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In re Mehulic

Supreme Court of New York, Third Department

June 6, 2013

In the Matter of SUARNA MEHULIC, Petitioner,
v.
STATE BOARD FOR PROFESSIONAL MEDICAL CONDUCT, Respondent.

Calendar Date: April 23, 2013

Dreyer Boyajian, LLP, Albany (John Dowd of counsel), for petitioner.

Eric T. Schneiderman, Attorney General, New York City (Lisa D'Alessio of counsel), for respondent.

Before: Peters, P.J., Rose, McCarthy and Egan Jr., JJ.

MEMORANDUM AND JUDGMENT

McCarthy, J.

Proceeding pursuant to CPLR article 78 (initiated in this Court pursuant to Public Health Law § 230-c [5]) to review a determination of the Administrative Review Board for Professional Medical Conduct which, among other things, placed a limitation on any medical license petitioner receives in New York.

Petitioner was a second-year resident in the Department of Obstetrics and Gynecology at New York Downtown Hospital from July 2007 until she was terminated from her position in April 2008. The Bureau for Professional Medical Conduct subsequently charged petitioner with 10 specifications of professional misconduct regarding nine New York Downtown Hospital patients, who were designated in the statement of charges as patients A through I. Following a hearing, respondent's Hearing Committee sustained one specification of practicing the profession with incompetence on more than one occasion (see Education Law § 6530 [5]) pertaining to petitioner's care and treatment of patients E, H and I. That determination was upheld by the Administrative Review Board for Professional Medical Conduct (hereinafter ARB).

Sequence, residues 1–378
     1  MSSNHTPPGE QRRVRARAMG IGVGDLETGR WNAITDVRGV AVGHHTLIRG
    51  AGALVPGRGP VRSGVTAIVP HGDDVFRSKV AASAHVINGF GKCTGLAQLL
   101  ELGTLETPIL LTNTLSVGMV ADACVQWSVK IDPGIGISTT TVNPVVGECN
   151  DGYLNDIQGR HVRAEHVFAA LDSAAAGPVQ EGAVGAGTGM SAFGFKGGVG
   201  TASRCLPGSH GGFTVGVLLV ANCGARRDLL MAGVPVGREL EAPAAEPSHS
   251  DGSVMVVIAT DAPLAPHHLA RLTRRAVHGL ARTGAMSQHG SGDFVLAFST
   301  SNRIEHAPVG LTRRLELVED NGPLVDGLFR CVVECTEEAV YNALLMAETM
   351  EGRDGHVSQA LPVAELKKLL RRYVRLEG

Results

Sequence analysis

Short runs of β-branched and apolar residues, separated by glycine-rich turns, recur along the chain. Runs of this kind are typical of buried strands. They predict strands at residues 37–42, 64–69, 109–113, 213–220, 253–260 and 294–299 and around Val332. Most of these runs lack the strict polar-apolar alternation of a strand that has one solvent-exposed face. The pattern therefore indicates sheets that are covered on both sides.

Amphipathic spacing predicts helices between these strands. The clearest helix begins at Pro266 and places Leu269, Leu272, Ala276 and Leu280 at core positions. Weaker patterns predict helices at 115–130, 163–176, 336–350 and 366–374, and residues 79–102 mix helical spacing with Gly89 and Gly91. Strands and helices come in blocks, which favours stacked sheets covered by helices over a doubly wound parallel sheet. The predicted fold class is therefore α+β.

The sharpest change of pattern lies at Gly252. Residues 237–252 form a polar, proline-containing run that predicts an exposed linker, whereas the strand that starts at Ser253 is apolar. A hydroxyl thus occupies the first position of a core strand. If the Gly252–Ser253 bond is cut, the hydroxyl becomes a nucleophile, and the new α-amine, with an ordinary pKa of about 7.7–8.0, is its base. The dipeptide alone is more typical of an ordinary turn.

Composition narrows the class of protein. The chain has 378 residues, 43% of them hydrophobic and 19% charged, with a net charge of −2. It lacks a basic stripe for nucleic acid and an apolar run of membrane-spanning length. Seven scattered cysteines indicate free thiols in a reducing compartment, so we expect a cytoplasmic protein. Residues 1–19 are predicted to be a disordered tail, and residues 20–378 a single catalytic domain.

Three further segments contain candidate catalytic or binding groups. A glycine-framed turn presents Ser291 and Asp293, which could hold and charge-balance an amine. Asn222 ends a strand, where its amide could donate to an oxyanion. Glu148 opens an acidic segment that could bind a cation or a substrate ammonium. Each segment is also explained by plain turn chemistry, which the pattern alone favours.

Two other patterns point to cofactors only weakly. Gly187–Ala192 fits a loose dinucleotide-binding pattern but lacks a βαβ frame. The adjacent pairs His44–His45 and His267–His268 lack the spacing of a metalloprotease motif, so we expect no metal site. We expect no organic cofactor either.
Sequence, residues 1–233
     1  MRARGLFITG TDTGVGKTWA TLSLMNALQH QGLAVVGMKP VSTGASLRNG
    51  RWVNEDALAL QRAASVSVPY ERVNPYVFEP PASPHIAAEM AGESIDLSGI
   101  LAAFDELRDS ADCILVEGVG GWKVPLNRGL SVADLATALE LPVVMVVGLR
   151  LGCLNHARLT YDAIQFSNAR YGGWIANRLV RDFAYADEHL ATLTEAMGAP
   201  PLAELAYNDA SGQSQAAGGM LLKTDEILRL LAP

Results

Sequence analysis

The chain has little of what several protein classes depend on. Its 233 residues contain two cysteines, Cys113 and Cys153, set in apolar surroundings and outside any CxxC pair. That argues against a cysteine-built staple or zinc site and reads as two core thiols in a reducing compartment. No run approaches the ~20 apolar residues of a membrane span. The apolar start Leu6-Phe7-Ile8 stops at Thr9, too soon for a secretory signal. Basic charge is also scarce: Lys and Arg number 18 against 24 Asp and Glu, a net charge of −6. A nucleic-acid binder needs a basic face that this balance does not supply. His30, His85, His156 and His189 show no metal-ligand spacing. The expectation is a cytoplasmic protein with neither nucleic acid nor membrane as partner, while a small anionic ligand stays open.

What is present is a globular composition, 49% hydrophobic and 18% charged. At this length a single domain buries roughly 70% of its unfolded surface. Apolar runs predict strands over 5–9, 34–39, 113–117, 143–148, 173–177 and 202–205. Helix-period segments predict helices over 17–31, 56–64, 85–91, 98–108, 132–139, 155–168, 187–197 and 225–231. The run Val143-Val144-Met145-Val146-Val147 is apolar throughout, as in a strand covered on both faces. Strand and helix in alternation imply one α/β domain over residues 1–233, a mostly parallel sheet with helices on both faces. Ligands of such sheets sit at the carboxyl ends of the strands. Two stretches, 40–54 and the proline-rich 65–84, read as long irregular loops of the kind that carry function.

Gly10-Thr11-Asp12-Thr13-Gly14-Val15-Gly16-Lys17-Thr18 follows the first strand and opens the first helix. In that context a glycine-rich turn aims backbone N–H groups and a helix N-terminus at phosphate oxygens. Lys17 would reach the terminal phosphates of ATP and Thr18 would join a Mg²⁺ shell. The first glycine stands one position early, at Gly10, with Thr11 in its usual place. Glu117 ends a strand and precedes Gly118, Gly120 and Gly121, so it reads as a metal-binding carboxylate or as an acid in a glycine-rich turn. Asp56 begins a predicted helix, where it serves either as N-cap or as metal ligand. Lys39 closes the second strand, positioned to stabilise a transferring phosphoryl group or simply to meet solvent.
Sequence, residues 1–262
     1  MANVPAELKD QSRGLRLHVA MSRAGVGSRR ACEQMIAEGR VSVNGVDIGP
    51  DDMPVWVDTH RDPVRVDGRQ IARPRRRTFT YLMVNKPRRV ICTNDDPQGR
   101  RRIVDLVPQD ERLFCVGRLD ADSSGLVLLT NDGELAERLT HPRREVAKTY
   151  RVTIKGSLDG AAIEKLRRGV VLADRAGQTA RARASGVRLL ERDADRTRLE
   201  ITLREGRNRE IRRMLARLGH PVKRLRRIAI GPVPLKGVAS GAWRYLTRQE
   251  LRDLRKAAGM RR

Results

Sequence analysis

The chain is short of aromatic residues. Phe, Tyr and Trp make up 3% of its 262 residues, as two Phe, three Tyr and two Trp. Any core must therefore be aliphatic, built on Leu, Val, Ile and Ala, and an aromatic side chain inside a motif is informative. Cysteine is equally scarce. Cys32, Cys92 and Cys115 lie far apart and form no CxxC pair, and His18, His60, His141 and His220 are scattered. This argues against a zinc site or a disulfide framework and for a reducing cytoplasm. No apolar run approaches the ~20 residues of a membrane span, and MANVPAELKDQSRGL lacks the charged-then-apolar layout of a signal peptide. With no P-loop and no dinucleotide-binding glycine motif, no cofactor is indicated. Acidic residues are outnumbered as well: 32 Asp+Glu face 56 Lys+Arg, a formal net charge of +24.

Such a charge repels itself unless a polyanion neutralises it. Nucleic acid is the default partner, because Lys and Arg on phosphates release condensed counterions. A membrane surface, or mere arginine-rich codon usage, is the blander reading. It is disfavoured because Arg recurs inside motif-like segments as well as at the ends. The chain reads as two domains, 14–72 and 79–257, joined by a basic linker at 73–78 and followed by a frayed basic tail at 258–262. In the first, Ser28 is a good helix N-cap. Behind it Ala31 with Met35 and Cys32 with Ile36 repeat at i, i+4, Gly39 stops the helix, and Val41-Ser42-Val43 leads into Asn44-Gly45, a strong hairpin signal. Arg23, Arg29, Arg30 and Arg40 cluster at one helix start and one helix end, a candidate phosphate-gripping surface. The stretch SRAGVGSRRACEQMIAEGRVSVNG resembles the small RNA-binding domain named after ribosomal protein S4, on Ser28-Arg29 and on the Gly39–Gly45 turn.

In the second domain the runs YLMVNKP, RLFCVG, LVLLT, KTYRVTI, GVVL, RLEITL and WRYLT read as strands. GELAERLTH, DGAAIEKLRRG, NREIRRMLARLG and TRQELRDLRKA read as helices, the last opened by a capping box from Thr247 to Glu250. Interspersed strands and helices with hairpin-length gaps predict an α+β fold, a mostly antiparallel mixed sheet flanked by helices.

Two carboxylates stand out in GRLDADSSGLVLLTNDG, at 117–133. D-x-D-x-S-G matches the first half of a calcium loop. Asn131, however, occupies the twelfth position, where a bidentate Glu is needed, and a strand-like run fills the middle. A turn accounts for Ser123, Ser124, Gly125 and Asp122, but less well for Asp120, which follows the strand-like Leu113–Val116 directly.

Because petitioner, as a medical resident, was not licensed to practice medicine in New York, the penalty imposed by the ARB placed limitations on petitioner's receipt of such a license in the future. Specifically, before a license is issued to petitioner, she must submit to a Public Health Law § 230 (7) (a) proceeding and comply with any order that results therefrom. If a license is thereafter issued, petitioner will be subject to a three-year period of probation.

Petitioner commenced this CPLR article 78 proceeding pursuant to Public Health Law § 230-c (5) contending that there is no rational basis for the determination that she practiced with incompetence on more than one occasion. She also argues that she was denied the right to due process and a fair hearing, and that the penalty imposed is an abuse of discretion. Finding no merit to these arguments, we affirm the determination in all respects.